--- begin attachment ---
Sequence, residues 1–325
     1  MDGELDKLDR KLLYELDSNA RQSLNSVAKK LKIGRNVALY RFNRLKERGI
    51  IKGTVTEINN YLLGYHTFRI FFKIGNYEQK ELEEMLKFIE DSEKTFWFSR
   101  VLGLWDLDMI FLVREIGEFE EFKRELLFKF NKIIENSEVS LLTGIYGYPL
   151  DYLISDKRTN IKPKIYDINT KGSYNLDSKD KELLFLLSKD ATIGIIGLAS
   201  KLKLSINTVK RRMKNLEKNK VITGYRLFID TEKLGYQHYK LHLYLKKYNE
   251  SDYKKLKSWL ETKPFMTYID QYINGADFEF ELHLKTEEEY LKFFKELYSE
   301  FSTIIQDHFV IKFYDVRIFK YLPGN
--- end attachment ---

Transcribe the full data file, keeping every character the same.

Sequence, residues 1–325
     1  MDGELDKLDR KLLYELDSNA RQSLNSVAKK LKIGRNVALY RFNRLKERGI
    51  IKGTVTEINN YLLGYHTFRI FFKIGNYEQK ELEEMLKFIE DSEKTFWFSR
   101  VLGLWDLDMI FLVREIGEFE EFKRELLFKF NKIIENSEVS LLTGIYGYPL
   151  DYLISDKRTN IKPKIYDINT KGSYNLDSKD KELLFLLSKD ATIGIIGLAS
   201  KLKLSINTVK RRMKNLEKNK VITGYRLFID TEKLGYQHYK LHLYLKKYNE
   251  SDYKKLKSWL ETKPFMTYID QYINGADFEF ELHLKTEEEY LKFFKELYSE
   301  FSTIIQDHFV IKFYDVRIFK YLPGN